Papaya: The Delicious Powerhouse Fruit that Can Help Prevent Heart Disease, Cancer
© 2023 Health Realizations, Inc. Update
Papaya is a sweet, tropical fruit that originated in Central America. Today, though, its popularity has made it easily accessible throughout the United States (which, along with Mexico and Puerto Rico, is now one of the biggest commercial producers of the fruit).
Aside from bringing a delectable taste of the tropics to your table, papayas are one of the healthiest fruits out there. They're rich in vitamin C (one serving will give you close to a three-day supply!), folate, potassium, fiber, and vitamins A, E and K, along with antioxidant flavonoids.
Papaya's peak season is early summer and fall, so right now is an ideal time to enjoy this nourishing fruit. Plan ahead to maximize this heart health food in this years meals.
Top Health Benefits of Papaya
Why eat papaya? It's delicious, refreshing and will support your health in the following ways.
1. Promote Good Digestion
Perhaps the most well-known benefit of papaya is its digestive support. Papaya, particularly the skin and the unripe, green varieties, contains the enzyme papain, which helps digest proteins. (Papain is often used to make digestive enzyme dietary supplements as well.)
Papaya also contains nutrients, such as fiber and folate, which are known to help prevent colon cancer. Its fiber, for instance, helps bind with and rid your body of cancer-causing toxins in your colon.
2. Fight Heart Disease
The nutrients in papaya help prevent the oxidation of cholesterol in your body. This is important because when cholesterol becomes oxidized it can stick to your blood vessel walls, leading to plaque that can cause heart attacks and strokes.
3. Anti-Inflammatory Properties
The enzymes in papaya are known to lower inflammation in your body. This is effect is particularly beneficial for people with asthma, osteoarthritis, rheumatoid arthritis or burns.
4. Support Your Immune System
Because papaya is so rich in vitamins A and C, it is an excellent fruit to eat to keep your immune system functioning properly.
5. Protect Your Eyes and Lungs
Eating fruit like papaya has been found to protect against macular degeneration, the most common cause of vision loss among the elderly, along with promoting lung health (particularly if you're exposed to a lot of secondhand smoke).
6. Fight Prostate Cancer
Papaya is rich in lycopene, which is known to prevent damage to DNA and fight prostate cancer. In fact, studies have shown that men who eat the most lycopene-rich fruits and vegetables (including tomatoes, apricots, pink grapefruit, watermelon, papaya, and guava) were 82 percent less likely to have prostate cancer than those who ate the least.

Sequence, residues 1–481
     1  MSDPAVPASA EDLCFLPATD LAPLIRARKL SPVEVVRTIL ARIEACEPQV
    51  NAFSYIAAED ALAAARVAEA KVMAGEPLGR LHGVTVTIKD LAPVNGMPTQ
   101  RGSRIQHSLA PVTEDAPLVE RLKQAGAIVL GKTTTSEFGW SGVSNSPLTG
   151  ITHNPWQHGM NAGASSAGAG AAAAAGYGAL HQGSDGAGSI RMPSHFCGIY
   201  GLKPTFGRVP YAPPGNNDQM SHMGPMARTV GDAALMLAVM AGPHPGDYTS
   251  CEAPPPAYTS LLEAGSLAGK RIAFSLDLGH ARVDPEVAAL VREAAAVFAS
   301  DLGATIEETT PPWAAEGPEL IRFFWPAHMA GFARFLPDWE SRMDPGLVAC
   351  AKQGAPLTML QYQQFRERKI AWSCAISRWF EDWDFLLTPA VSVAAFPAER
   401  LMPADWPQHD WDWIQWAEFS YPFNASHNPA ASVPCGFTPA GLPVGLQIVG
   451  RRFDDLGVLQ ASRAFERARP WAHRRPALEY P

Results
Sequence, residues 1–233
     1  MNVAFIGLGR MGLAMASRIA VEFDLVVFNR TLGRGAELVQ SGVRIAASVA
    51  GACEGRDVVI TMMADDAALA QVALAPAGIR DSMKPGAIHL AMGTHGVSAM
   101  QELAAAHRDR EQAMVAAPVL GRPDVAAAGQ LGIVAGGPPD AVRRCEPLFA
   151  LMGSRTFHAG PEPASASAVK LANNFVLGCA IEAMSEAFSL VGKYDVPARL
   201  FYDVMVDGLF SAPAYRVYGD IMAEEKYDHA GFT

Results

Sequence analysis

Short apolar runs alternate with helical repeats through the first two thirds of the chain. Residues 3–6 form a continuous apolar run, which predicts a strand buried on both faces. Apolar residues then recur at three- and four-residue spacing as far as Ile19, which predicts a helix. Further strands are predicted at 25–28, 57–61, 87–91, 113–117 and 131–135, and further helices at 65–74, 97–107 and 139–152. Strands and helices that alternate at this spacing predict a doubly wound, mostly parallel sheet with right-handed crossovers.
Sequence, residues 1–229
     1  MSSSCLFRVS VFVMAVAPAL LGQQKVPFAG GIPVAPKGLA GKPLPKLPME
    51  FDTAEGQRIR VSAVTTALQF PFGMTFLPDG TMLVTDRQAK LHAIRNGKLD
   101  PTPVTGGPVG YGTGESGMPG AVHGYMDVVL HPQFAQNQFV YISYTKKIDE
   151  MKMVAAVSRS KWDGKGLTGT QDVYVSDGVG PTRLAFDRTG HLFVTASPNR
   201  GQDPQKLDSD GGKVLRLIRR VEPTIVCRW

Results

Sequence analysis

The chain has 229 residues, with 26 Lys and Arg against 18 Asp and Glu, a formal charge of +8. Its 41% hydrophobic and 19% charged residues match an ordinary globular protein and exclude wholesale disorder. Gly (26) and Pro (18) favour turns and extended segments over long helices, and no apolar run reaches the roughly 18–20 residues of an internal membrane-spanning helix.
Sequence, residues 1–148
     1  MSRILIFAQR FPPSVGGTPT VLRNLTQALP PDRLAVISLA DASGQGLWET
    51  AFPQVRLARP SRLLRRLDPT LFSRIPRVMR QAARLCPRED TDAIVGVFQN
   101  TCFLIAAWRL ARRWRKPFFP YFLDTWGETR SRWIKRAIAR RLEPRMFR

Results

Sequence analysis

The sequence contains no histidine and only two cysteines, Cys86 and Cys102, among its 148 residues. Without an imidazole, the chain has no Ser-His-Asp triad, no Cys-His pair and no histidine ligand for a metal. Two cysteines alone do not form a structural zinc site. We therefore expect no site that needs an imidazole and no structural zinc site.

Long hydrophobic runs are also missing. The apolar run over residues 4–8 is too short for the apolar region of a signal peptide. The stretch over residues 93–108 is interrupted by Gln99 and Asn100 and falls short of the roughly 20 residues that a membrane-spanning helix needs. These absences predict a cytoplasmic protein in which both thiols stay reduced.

Papaya is so rich in nutrients that its benefits do not end there. Other pluses to eating this powerhouse fruit include:
It's good for you skin, hair and nails
When applied to your skin, it may fade freckles
The folate it contains may prevent anemia
The skin can be used as an external treatment for wounds or areas that will not heal quickly
You can apply papaya to your skin to relieve the itch and irritation from mosquito bites
How to Choose, and Eat, Papayas
If you're not yet familiar with this tropical fruit, look for a papaya that's soft with red-orange skin. You can choose a fruit with yellow skin, but be aware that it will take a few days to become fully ripe (to hasten ripening, put the papaya in a brown paper bag with a banana). For the best flavor, eat the papaya as soon as it's ripe.
Both the flesh and the seeds of papaya are edible. The seeds have a peppery flavor and are excellent sprinkled on salads, or blended into salad dressings.
The fruit itself can be eaten alone (try it with a squeeze of lemon or lime juice to enhance its flavor), in fruit or green salads or even cooked. For something different, try out these two unique papaya recipes; they're simply delicious!
Roasted Papaya With Brown Sugar
- 2 tablespoons light-brown sugar
- 1/4 teaspoon ground ginger
- 2 medium Solo papayas (14 ounces each), halved lengthwise and seeded
- 1/4 teaspoon cayenne pepper
- 1 lime, cut into 4 wedges
- Preheat oven to 450 degrees. Stir together sugar and ginger in a small bowl. Arrange papaya halves, cut sides up, in a 10-by-13-inch baking dish. Sprinkle sugar mixture evenly over halves.
- Bake, brushing papaya edges with melted sugar mixture (it will collect in well of fruit) 2 or 3 times, until mixture is bubbling and papaya edges are beginning to darken, 35 to 40 minutes.
- Sprinkle each serving with a pinch of cayenne. Serve with lime wedges.
Spicy Papaya-Carrot Salsa
- 1 small chayote, peeled, seeded, and cut into 1/4-inch dice
- 2 medium carrots, peeled and cut into 1/4-inch dice
- 2 1/2 cups papaya (Solo or Mexican) chunks (1/2 inch)
- 1/3 cup distilled white vinegar
- 1 or 2 fresh Scotch bonnet chiles, thinly sliced
- 1 teaspoon light-brown sugar
- 1 teaspoon coarse salt
Bring 3/4 cup water, the chayote, and carrots to a boil in a medium saucepan. Add papaya, vinegar, chiles, sugar, and salt. Return to a boil. Reduce heat; simmer, partially covered, until chayote and carrots are tender, 20 to 25 minutes.
Remove from heat. Process one-third of mixture in a food processor; return to saucepan, and stir to combine. Salsa can be refrigerated up to 2 weeks; serve warm, cold, or at room temperature.
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